Rapunzel has grown up living with just her mother. Well, her mother and a surprising number of guards. Because, as you might have guessed, Rapunzel isn’t really Mother Gothel’s daughter. What the fairy tale never told you is that the old witch has a lot more going on than keeping one girl a prisoner. When Rapunzel finally manages to sneak a peek over her garden’s suspiciously high wall, she sees a land ruthlessly exploited by Mother Gothel, who has used magic to make herself a tyrant.
When Mother Gothel locks her up in a towering tree, Rapunzel, refreshingly, rescues herself. And she’s not going to stop there: wielding her two long braids as whips and lariats, she sets out to find her real mother and save the world.
Rapunzel soon discovers that the world she plans to save – a rollicking Wild West setting full of canyons, mines, saloons, and bandits – is a tough place for a sheltered sixteen-year-old to navigate alone. Enter Jack, a young thief with a beanstalk in his past and a goose under his arm. He seems to know his way around, but he’s also a pretty slippery character – can Rapunzel trust him? And can she really take down Mother Gothel? One way to find out – and if that way involves funny, larger-than-life adventures that blend fairy tales with American tall tales (hint: it does), then so be it.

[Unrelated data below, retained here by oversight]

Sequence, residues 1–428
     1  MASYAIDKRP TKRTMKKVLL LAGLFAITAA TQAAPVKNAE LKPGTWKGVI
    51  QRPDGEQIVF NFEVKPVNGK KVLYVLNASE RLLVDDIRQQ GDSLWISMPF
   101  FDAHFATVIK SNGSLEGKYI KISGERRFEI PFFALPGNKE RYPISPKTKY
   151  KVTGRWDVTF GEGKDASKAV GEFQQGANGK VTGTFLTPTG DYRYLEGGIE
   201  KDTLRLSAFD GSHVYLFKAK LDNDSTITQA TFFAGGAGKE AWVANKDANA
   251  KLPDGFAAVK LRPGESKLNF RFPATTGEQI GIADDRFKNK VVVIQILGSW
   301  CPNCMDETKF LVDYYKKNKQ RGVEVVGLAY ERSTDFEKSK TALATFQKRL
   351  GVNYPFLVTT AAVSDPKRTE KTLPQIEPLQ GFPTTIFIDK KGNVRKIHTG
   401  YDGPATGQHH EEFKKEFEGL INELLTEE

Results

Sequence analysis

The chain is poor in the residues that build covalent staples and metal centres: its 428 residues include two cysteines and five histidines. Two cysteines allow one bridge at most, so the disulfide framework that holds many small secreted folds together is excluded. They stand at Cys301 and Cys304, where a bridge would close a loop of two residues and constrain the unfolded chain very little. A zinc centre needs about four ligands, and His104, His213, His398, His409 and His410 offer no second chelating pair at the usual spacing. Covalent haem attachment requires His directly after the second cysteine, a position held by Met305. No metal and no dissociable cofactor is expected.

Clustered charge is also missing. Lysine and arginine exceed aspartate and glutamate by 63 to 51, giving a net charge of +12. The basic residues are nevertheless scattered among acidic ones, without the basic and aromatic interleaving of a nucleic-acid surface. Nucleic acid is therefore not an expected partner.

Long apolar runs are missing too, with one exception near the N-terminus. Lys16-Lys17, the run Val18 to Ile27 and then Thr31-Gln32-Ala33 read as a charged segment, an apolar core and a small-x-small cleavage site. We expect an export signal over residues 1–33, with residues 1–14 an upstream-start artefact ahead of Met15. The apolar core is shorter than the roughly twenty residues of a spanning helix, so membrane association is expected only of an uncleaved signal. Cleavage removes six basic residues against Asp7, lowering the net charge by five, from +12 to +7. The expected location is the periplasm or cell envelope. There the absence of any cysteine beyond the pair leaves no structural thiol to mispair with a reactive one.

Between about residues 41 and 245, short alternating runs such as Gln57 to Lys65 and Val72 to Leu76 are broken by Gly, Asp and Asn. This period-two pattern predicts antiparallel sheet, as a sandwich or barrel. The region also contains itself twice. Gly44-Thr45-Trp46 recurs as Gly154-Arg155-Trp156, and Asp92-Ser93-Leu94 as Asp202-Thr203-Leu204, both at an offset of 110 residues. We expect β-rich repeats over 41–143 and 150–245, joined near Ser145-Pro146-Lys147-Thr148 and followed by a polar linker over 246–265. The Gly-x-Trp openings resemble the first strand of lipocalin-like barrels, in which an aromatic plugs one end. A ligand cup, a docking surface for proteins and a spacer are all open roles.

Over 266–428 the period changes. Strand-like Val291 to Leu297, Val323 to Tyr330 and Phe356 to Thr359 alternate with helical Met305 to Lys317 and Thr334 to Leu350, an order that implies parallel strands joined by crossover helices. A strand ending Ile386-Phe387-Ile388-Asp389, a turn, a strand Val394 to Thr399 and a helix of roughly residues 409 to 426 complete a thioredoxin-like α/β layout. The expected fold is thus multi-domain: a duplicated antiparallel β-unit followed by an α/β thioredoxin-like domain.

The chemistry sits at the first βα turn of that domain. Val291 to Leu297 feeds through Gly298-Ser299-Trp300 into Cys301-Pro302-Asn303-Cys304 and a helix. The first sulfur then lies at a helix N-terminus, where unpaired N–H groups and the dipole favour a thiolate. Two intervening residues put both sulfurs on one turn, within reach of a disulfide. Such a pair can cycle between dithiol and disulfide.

The full-color art is clear and expressive, the former being especially important given all the over-the-top action sequences. It’s also fun to look at, from the desert landscapes to the characters’ classic outfits. The story skillfully combines a series of episodic adventures a la Pecos Bill or Davy Crockett with one overarching storyline. Rapunzel and Jack make a good team: he does the scheming, and she takes care of anything that needs to be lassoed or whipped. (This turns out to be a lot of things; I guess if all you have is a hammer . . .) Rapunzel may do most of the rescuing, but Jack is by no means a pushover, and they each pack an impressive arsenal of quips and banter.
There’s some violence, but it’s strictly cartoon fare, no blood or scary stuff. No worries about sexual content, either: aside from one quick kiss, there’s nil. The humor and storyline are accessible and lighthearted, making Rapunzel’s Revenge a great read for kids and young teens as well as older readers, who may recognize more of the tropes it plays with.
For the further adventures of Rapunzel and Jack, see the sequel, Calamity Jack.
By Shannon and Dean Hale, illustrated by Nathan Hale
Bloomsbury USA Children’s Books, 2008